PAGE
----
Why don’t we take a journey to visit the mysterious world of self-harm? Let’s start off with what self-harm is: Self-harm is a deliberate and direct attempt to harm your body in an attempt to change your mood, to gain control, or to comfort yourself. One note that I want to make is that self-harm does not mean that a person is suicidal or that they want to die! While there are, of course, exceptions to this, most people that I know that use this “coping skill” have said that they don’t wish to die.
There are several ways you can harm yourself, it’s not just limited to cutting. Self-harm can include burning or scratching, amoung many other methods. Now, there are a lot of reasons as to why a person may want to harm themself. A few reasons include searching for a sense of control in their life, using it as a coping mechanism or even as a form of punishing theirself for something they did or did not do. I can’t speak for everyone on this topic, what each person feels when they harm themself differs, but I will explain what it’s like for me so that you can get a better understanding of what goes on in the mind of a person who self-harms.
For me, self-harm exhibits itself in the form of cutting and scratching. I have spent many years addicted to this behavior and only recently have I been able to gain control over the temptations. From my understanding, self-harm is addictive because it releases Endorphins and Dopamine; these make you “feel good.” When you have low levels of Serotonin (what moderates your Dopamine levels) it can cause you to be over-sensitive to Dopamine and that, from what I understand, is what causes addiction. Now, I could be wrong on this, so don’t quote me. This is just what I have gathered over the years.
Anyway, back to my battle with self-harm. Like I mentioned in the last paragraph, I have only recently been able to fight my addiction. And when I say recently, I mean really recently. I’m sure you’re wondering why I harm myself, well, there’s a couple reasons actually. My main reason is because it is the only pain that I can control and when I am having so much mental and emotional pain, physical pain is the only thing that can take it away. Of course it hurts, but I’m usually in such a trance-like state that it doesn’t bother me until later on when I take a hot shower or bump up against my cuts. Another reason that I harm myself is because I need to have some form of control, when everything else in my life is going wrong, cutting or scratching can help me feel better because I have control over it, nobody else does.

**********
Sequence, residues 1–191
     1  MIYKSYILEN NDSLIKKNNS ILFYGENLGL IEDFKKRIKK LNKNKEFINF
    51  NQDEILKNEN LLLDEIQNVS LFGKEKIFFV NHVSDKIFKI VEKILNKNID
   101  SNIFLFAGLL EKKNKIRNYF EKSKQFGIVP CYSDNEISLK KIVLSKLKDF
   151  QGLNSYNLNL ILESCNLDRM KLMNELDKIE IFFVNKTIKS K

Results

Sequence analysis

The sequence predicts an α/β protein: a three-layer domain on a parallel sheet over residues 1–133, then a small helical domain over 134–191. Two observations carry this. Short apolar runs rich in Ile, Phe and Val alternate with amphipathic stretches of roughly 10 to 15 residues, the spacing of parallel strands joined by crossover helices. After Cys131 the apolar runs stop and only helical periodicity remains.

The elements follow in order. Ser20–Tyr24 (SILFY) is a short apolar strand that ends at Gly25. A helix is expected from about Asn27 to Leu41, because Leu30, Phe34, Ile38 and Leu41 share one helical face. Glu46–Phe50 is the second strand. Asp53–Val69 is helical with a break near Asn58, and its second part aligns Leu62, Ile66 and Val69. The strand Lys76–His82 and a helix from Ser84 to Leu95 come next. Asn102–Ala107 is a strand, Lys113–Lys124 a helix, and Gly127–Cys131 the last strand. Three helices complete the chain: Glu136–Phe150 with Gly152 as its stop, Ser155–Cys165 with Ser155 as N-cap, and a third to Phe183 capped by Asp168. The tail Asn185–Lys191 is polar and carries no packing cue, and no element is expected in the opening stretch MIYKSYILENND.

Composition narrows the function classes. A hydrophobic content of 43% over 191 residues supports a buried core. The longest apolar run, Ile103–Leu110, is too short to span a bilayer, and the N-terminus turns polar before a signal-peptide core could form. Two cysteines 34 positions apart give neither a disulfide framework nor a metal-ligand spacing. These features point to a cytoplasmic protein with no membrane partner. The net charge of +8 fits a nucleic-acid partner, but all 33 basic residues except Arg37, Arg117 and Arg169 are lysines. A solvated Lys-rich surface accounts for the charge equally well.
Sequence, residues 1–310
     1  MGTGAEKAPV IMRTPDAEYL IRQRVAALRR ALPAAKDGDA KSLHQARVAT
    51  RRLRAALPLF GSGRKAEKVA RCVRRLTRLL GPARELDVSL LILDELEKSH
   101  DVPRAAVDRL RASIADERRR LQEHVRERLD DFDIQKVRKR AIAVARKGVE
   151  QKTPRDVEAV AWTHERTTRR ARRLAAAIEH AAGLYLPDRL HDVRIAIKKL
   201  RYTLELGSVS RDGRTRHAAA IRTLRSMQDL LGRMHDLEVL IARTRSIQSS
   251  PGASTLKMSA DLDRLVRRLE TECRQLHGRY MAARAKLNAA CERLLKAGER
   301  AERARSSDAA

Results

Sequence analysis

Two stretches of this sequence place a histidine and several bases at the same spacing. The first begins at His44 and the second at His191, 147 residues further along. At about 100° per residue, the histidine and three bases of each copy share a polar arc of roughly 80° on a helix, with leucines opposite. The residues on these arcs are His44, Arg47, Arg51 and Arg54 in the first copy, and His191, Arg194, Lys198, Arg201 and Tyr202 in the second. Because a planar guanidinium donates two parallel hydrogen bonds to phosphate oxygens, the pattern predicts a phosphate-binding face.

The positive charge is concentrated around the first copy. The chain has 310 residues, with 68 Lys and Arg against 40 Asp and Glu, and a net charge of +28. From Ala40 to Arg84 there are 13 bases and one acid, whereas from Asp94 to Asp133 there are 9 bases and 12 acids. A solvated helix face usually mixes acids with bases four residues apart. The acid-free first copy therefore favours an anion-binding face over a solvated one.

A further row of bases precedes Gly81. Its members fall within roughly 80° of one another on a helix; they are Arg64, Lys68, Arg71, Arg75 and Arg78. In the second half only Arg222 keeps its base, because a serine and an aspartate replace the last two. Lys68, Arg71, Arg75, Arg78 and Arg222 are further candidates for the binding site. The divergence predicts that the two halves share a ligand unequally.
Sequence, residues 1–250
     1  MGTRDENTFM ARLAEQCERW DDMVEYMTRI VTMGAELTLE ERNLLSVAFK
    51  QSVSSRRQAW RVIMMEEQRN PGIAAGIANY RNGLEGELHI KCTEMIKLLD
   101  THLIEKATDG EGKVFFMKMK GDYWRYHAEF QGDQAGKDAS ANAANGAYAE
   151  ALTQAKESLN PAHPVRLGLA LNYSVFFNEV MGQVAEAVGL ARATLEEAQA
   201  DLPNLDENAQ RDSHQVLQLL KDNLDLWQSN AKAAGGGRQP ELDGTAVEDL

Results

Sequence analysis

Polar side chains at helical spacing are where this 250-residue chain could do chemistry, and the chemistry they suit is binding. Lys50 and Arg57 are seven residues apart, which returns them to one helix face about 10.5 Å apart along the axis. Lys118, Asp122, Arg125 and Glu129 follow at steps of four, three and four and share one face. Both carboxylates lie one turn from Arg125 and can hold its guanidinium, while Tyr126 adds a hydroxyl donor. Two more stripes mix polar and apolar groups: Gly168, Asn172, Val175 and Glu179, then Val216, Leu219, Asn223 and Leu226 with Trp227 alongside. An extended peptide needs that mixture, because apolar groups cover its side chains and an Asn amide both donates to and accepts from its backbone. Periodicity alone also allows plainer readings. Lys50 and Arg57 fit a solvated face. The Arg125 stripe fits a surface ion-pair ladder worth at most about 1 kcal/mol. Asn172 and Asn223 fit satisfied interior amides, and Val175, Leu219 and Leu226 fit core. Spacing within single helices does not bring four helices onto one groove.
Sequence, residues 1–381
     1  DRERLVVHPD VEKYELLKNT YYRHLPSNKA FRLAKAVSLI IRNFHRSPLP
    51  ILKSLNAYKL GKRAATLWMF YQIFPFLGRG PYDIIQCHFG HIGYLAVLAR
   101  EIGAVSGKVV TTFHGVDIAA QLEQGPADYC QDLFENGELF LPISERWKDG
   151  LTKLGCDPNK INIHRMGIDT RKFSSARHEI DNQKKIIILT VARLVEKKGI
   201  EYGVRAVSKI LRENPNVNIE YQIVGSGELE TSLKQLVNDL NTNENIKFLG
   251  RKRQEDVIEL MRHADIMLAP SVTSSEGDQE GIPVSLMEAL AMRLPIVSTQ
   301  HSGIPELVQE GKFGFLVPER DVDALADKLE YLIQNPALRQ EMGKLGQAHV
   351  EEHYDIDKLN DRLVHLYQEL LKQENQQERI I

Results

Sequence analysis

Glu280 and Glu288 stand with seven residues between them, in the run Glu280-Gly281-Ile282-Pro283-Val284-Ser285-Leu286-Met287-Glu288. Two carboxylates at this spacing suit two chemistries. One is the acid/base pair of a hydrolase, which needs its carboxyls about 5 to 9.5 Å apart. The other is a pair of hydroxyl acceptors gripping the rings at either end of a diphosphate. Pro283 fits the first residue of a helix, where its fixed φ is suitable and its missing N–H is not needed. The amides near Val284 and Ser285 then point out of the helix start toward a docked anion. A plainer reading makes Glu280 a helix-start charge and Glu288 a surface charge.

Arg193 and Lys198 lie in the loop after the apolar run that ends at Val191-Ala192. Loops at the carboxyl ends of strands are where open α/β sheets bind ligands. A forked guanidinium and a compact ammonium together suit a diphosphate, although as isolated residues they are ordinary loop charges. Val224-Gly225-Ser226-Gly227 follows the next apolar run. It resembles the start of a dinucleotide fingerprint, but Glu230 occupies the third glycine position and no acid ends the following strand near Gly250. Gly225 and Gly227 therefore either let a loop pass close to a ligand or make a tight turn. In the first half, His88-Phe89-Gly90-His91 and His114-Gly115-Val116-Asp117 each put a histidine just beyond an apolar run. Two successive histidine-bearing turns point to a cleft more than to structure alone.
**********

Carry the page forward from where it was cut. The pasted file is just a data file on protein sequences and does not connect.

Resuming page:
I have been harming myself since I was in 7th grade, I’m 23 now. Never have I ever flaunted my wounds or scars, they are something that I am terribly ashamed of, as they are with most others who harm themselves. There is a huge misconception that people who self-harm are just seeking attention, but most are not. Once again, there are a few exceptions to that statement. Sometimes people might do it as a cry for help when they can’t find the courage to ask for it themself.
In my experience, there is a very specific feeling I get right before I cut or scratch. It starts out with heavy emotions; anger, sadness, frustration, mental and emotional pain are a few. So I’ve got all of these feelings flying around inside my brain and it’s just so overwhelming that my brain shuts down everything and I am emotionless. It’s like I’m watching myself from outside of my body, I can’t control what I’m doing. A lot of the time, I don’t remember the first cut or scratch because I’m just so numb. It’s usually not until I’ve hurt myself several times that I resurface and realize what’s going on. I do not know what causes this, I’m sure it has something to do with the Endorphins, Dopamine and Serotonin levels though.
It’s really interesting, actually, when you talk to someone who self-harms. A lot of people have similar stories but they’re all so different at the same time. I can not speak for everyone, only for myself and what I personally feel.
Self-harm is a horrible experience to endure and can be very addicting. I do not in any way condone this action nor do I recognize it as a healthy coping skill. If you harm yourself in any way, please seek help immediately!
With that being said, there is hope for you if you are a self-harmer. There are many other alternatives to hurting yourself and, since it has become increasingly popular over the past few years, therapists and psychiatrists are more capable of providing treatment for you than they have been in the past.
If you or anyone you know is suicidal, please contact the Suicide Prevention Hotline IMMEDIATELY! 1-800-273-TALK(8255)